Accountant blocks sale of Jerma Palace Hotel

The First Hall of the Civil Courts, presided by Ms Justice Jacqueline Padovani Grima, on 22 December, 2014 upheld the request to issue a warrant of prohibitory injunction in Carmelo sive Charles Sciriha -v- JefPet Limited.

Sciriha, an accountant by profession, asked the court to block the sale, or other mode of transfer, of the Jerma Palace Hotel and the surrounding properties. He explained that he was engaged in November 2009 by JefPet as a consultant and represented it when solving various financial difficulties, and in order to represent the company in negotiations in the sale of the hotel and the properties. The accountant submitted that when the negotiations for the sale of the hotel reached an advanced stage, his contract was terminated, after JetPet accused him of abandoning his contractual duties. Sciriha denied this. He claims that he still has to be paid in accordance with his engagement contract of €3.5 million.

JefPet Limited replied to this application by claiming that the application is null and void, in accordance with Art 831 and 832 of the Code of Organisation and Civil Procedure, since the application did not mention the sum claimed by Mr Sciriha.

Another plea was with regard to the merits of the case in that there is no prima facie claim. JefPet agreed that the parties entered into an engagement agreement on 15 November, 2009 and Mr Sciriha’s return was to be 5% of the selling price of the property, and other considerations, which amounts to €3,525,000, excluding VAT. This will be due when the sale of the hotel takes place and not before. In fact, the property has not been sold nor is there a promise of sale.

According to the engagement agreement there were two ways how it could be terminated, either by mutual agreement or unilaterally by any of the parties. In fact JefPet had written to Sciriha and gave six months’ notice. Sciriha replied that there was no need for that notice.

The Court examined the evidence, where Sciriha testified that JefPet Limited was purposely set up to purchase and sell the Jerma Palace Hotel. The company owes the banks €9 million, but has the hotel and the surrounding lands as assets. As their consultant he had spoken to a number of potential investors without any compensation and currently negotiations are being carried out with a particular investor, however, his contract was cut short. He also agreed that his compensation was a success fee, however, if the contract is terminated they would have to agree on the amount of compensation.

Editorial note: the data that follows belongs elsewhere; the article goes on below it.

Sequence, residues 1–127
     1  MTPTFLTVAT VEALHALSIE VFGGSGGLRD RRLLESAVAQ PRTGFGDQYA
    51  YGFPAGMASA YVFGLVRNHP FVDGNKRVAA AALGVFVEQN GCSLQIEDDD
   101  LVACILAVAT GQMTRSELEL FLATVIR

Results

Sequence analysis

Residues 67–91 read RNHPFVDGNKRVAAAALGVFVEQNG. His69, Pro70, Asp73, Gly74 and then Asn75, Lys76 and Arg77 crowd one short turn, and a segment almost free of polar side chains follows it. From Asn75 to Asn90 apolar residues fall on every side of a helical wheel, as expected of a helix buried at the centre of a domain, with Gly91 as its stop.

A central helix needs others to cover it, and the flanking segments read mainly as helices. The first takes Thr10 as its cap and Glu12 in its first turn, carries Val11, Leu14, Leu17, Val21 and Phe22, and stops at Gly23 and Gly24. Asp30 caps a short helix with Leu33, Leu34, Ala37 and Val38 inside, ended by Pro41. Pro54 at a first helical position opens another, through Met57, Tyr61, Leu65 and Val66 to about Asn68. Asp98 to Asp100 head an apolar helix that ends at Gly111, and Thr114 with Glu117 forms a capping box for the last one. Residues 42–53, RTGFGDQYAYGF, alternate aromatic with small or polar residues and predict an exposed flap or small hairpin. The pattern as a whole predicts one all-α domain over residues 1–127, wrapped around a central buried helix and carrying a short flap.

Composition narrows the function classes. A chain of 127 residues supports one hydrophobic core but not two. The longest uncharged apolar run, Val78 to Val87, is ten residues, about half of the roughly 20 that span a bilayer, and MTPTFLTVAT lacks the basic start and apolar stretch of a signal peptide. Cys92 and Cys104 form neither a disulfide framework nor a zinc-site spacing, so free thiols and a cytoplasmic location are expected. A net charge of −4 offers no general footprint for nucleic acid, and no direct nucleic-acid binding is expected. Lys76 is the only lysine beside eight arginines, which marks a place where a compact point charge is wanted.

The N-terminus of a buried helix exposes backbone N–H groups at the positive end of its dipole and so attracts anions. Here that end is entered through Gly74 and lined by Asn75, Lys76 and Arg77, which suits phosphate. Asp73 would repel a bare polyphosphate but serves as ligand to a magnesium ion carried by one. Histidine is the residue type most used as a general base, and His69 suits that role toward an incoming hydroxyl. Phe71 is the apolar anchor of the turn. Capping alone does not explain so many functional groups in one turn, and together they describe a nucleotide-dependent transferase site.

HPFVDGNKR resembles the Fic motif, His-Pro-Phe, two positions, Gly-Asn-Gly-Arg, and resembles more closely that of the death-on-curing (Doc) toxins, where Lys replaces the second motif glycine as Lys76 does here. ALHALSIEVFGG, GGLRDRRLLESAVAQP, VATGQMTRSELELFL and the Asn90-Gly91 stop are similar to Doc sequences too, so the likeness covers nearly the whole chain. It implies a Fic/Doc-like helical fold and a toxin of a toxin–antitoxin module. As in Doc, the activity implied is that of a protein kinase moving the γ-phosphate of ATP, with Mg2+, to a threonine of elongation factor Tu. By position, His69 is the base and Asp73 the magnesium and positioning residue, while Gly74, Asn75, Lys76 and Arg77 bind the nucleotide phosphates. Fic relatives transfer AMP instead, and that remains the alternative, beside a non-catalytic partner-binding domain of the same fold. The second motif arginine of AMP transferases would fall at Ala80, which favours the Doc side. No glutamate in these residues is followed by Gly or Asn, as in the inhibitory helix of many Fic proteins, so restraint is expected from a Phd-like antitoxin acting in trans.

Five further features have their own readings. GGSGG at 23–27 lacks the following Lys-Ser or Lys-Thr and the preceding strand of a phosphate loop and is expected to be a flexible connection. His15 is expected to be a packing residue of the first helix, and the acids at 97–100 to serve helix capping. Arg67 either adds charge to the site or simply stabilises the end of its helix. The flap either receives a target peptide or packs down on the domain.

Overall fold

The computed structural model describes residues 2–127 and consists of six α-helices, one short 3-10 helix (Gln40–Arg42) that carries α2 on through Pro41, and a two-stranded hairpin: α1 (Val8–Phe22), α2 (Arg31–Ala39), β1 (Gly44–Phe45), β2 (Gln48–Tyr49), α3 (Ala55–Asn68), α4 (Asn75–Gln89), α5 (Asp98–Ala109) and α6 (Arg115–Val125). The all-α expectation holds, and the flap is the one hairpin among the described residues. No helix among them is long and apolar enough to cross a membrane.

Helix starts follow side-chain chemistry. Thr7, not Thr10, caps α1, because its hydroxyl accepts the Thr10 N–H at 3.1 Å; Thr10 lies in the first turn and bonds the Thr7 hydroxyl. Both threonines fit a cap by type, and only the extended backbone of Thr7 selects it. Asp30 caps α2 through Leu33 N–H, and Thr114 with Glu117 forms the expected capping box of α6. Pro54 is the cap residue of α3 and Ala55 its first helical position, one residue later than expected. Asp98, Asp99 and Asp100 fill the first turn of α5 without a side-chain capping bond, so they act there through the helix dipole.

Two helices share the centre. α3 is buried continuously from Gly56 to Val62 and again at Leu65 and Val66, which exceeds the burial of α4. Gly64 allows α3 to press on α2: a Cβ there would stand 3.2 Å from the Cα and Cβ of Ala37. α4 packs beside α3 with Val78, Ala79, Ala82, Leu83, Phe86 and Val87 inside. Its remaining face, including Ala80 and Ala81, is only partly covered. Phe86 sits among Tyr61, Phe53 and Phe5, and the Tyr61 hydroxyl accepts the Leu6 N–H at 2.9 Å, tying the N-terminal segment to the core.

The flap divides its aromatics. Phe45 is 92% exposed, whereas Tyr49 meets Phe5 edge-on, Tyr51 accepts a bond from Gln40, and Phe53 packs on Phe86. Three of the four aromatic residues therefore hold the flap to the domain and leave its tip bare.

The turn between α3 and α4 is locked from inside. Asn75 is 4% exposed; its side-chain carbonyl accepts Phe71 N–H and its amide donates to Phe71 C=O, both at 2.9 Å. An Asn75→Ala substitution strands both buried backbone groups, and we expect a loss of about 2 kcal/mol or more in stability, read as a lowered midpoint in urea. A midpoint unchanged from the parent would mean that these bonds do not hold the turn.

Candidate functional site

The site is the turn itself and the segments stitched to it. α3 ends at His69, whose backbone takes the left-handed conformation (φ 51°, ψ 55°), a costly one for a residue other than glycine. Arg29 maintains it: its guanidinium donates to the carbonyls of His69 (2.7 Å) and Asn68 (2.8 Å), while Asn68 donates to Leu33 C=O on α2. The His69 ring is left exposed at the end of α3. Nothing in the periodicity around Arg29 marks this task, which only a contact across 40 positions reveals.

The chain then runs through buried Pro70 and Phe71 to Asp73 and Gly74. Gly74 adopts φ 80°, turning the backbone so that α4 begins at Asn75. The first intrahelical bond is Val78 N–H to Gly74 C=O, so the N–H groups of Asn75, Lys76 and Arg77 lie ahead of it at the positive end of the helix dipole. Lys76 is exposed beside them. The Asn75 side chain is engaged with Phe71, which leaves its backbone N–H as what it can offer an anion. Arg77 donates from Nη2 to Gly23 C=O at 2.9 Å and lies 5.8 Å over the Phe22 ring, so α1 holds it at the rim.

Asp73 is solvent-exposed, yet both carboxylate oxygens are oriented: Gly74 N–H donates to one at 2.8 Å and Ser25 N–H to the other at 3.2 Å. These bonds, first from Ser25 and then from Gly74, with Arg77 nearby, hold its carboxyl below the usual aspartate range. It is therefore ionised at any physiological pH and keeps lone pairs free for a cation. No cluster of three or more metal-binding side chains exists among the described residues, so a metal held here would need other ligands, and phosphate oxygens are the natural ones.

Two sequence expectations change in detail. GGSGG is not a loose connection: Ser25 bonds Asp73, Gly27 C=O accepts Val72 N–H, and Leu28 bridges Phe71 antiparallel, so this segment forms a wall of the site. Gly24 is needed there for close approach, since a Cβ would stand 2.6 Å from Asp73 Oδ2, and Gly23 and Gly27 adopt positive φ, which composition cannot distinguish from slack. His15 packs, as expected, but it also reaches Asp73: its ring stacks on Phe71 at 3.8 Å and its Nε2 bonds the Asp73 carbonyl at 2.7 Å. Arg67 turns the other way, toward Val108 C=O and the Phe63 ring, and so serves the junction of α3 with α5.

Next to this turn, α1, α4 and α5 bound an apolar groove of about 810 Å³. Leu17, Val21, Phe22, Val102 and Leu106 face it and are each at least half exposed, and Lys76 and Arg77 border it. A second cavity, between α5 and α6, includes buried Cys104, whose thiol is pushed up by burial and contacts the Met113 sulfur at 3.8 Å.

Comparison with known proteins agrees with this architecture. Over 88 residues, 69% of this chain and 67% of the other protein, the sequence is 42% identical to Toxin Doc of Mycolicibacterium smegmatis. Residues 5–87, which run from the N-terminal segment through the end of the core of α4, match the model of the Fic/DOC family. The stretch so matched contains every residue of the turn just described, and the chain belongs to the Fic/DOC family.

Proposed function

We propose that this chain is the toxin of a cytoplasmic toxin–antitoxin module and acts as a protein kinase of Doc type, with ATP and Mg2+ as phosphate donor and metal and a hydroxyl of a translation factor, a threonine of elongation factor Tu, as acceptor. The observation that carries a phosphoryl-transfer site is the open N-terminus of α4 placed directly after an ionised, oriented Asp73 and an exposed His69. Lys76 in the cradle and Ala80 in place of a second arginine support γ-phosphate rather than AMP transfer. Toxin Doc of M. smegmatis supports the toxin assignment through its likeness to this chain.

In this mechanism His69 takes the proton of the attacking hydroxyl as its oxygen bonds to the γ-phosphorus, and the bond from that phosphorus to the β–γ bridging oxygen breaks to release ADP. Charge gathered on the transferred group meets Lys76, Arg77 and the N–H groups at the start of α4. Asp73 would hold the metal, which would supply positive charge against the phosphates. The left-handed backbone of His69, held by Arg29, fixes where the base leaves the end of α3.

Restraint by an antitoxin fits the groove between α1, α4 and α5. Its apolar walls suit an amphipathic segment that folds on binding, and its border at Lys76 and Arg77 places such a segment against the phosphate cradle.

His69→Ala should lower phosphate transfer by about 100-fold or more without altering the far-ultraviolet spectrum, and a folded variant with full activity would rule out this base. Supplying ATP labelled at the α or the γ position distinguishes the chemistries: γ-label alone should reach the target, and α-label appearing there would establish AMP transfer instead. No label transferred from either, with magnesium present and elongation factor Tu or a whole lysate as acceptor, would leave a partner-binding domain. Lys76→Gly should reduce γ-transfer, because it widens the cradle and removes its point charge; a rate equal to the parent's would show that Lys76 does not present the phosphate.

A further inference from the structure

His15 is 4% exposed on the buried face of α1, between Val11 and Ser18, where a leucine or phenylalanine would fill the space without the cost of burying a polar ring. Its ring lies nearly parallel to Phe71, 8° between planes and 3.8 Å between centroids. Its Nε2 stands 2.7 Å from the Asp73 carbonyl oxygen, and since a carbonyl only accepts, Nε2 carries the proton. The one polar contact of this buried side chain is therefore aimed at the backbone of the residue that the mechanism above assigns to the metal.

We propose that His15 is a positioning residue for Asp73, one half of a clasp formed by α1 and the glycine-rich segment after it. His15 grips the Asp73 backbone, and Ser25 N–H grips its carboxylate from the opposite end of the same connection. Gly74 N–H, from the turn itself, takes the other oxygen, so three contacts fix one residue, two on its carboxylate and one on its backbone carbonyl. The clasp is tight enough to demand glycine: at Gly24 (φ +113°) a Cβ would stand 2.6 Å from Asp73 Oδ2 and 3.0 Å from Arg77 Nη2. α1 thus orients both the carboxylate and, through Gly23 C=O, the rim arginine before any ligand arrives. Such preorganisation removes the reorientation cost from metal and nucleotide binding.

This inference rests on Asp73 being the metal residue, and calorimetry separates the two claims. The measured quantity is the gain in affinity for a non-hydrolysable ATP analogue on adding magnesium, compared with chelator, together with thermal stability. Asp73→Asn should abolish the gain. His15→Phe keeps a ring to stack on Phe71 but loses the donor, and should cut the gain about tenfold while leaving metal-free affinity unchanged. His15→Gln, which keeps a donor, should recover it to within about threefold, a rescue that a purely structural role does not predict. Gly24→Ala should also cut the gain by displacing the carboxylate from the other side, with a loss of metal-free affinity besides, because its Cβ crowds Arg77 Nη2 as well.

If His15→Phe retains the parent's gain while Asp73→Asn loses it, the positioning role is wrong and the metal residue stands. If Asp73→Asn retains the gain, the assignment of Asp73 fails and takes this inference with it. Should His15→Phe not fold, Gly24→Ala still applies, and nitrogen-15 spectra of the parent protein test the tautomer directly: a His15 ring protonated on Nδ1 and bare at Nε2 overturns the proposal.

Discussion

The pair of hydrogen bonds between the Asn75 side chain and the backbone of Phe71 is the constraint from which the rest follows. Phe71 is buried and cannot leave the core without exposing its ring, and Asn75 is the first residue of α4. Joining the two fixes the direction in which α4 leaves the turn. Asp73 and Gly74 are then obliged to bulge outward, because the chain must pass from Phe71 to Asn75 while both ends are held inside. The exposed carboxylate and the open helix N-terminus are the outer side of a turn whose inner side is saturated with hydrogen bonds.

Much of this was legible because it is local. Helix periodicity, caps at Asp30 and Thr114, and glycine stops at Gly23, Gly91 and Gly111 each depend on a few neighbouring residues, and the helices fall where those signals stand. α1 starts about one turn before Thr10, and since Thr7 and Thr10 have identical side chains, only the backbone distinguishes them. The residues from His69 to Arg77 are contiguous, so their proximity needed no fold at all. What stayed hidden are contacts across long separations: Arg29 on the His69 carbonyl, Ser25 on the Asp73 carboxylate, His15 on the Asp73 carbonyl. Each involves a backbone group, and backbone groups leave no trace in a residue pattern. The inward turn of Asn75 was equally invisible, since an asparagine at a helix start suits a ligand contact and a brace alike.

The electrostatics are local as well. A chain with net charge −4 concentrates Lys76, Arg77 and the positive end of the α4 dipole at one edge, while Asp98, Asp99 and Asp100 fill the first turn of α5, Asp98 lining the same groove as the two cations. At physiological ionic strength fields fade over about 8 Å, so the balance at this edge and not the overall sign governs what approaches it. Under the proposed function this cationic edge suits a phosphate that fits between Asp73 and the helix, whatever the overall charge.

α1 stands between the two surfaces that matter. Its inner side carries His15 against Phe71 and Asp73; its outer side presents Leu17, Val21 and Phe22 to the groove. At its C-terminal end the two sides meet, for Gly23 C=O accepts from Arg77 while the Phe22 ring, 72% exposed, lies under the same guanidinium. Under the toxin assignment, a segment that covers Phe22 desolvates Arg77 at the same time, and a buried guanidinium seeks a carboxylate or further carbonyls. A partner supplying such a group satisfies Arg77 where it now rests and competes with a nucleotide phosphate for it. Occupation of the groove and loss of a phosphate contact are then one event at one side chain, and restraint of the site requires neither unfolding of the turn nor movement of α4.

Geoffrey Montebello for JefPet testified that he thought that their accountant did a good job and wanted to pay him.

Ms Justice Padovani Grima held that the law on warrants provides for two elements. The first is that the warrant must protect a pretended right and that the court must be satisfied prima facie that the right exists. Therefore the right claimed must exist prima facie and not be merely be a difficulty. The Court quoted a previous judgement Grech -v- Manfred decided on 14 July, 1988, which held that the court must use the objective test and therefore, the court should not have any discretion in establishing whether there is a prima facie right. In fact this procedure is an extraordinary procedure and should be used only to protect a right which may be irremediably lost. 

The court held that in this particular case, it is clear that Sciriha has a prima facie right to be paid. The Court disagreed that the application is null because it did not mention a figure, since it mentioned circa €3.5 million. The Court also quoted Montebello, who held that he would like to pay Sciriha.

The court moved to uphold the request to issue a warrant of prohibitory injunction against JefPet Limited.

Malcolm Mifsud, Partner, Mifsud & Mifsud Advocates

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